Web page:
30 January 2014 @ 09:34 am
Persistence  
Harry Connolly writes sensibly on persistence.

To which I'd add (in re improvement) writers who declare that their lack of success is because they write literature while the rest of the world writes (and reads) crap are probably not going to improve. We don't actually get to decide if our stuff is "literature." That's entirely up the the readership. And "classics" are up to future generations.
 
 
Marissa Lingenmrissa on January 30th, 2014 05:46 pm (UTC)
Well, and let's say that Random Person Who Has Not Met Commercial/Critical Success Yet writes really great literature. Let's just say that they do. Which is a better strategy from their current position: to try to improve something they're doing, or not to try to improve? Because everyone can always improve. That's the great thing about art. You can always mess with it.

So even if the rest of the world writes crap, what's that to Random Person WHNMC/CSY? Eyes on your own paper. Onwards.
Sherwood Smithsartorias on January 30th, 2014 06:06 pm (UTC)
I agree in theory, but in practice? Where is the incentive to improve if you think you are perfect, the problem lies with the rest of the world, cursed as it is with terrible taste?
serialbabbler on January 30th, 2014 07:13 pm (UTC)
Arguably they could choose to compete with themselves (improve from where they started) even if the rest of the world "isn't there yet". *grin* I seriously doubt that's how most people who believe their writing is just too good for the world really think, though.
Sherwood Smithsartorias on January 30th, 2014 07:15 pm (UTC)
Ayup. Or, that is, who knows what they think inside their heads. Posts that run along that line tend to go on about how terrible New York publishing is (because as we all know, it's a total monolith), how crappy taste is These Days, yadda yadda. Which seems to indicate not much self-examination going on, but then, who knows?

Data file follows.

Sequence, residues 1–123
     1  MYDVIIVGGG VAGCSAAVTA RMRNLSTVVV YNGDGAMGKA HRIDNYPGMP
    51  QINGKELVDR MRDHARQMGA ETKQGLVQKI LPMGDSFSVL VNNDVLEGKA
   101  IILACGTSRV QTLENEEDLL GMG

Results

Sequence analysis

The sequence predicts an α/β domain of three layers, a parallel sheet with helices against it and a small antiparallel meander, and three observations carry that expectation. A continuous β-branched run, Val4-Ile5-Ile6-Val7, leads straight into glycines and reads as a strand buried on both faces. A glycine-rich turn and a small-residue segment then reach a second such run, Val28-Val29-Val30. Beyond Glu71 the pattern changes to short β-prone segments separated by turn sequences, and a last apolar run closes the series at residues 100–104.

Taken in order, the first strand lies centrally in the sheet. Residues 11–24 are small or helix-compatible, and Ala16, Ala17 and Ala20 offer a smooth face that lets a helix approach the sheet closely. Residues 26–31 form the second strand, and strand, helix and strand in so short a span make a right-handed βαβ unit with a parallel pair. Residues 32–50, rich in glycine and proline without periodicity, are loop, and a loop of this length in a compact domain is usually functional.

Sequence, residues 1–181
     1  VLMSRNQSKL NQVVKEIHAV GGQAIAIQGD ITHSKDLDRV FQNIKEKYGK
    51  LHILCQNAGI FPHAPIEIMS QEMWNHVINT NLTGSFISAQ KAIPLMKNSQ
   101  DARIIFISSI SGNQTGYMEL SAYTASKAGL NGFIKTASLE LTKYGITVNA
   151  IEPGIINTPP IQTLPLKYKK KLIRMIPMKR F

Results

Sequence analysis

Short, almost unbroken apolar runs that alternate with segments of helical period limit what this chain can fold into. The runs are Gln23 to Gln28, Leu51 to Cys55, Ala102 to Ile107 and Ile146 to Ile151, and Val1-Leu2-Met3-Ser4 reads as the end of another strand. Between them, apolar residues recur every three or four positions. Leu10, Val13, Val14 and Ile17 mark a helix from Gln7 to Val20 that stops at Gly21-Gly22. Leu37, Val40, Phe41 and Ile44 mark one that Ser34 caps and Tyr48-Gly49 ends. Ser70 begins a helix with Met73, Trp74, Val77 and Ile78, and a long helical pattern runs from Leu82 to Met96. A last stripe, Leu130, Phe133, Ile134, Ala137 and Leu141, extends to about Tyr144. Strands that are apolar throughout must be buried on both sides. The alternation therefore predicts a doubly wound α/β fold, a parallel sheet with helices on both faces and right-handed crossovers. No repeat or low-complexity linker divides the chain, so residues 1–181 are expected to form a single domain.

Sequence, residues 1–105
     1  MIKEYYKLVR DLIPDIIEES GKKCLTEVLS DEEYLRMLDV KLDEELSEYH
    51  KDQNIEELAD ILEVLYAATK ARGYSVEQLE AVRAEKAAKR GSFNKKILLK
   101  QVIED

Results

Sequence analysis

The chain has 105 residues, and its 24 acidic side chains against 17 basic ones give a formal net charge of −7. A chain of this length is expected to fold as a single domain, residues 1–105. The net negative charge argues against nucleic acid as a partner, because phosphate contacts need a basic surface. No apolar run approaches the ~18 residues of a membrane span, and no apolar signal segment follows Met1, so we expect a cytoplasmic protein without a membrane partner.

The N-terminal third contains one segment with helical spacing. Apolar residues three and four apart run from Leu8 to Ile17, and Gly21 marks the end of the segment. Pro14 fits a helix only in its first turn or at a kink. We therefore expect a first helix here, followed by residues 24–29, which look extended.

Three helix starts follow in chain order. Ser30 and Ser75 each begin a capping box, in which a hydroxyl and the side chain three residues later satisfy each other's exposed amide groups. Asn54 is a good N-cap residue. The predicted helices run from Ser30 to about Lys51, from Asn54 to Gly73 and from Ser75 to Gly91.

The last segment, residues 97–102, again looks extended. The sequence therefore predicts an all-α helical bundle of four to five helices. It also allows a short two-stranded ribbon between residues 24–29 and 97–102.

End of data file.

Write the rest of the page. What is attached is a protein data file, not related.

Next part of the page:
Marissa Lingenmrissa on January 30th, 2014 07:46 pm (UTC)
I think that people who equate "literature" with "perfection" have their own stack of problems I cannot even begin to address.
Sherwood Smithsartorias on January 30th, 2014 08:01 pm (UTC)
Yep, beginning with the definition of "literature." (Which, I have discovered in some discussion, is sometimes "classics" [another toughie to define], "what I point at," or even "what I write.")
Marissa Lingenmrissa on January 30th, 2014 08:11 pm (UTC)
Sometimes it even means, "I don't know, but ugh, not that." Which I feel no need to give any credence to, given that I have a friend who is a brilliant English lit prof who works on things like Pat Wrede novels, so I just smile and go on with my life.
Sherwood Smithsartorias on January 30th, 2014 08:34 pm (UTC)
Exactly.
Queen of the Skiesqueenoftheskies on January 30th, 2014 06:00 pm (UTC)
I read Kameron Hurley's post and enjoyed it, but Harry's post spoke more to me. Good post.
Sherwood Smithsartorias on January 30th, 2014 06:06 pm (UTC)
Me, too.
Terri-Lynne DeFinobogwitch64 on January 30th, 2014 06:02 pm (UTC)
THANK YOU!

Egads, when I ask someone what they write and their answer is "literary fiction" I just want to poke them in the eye with something.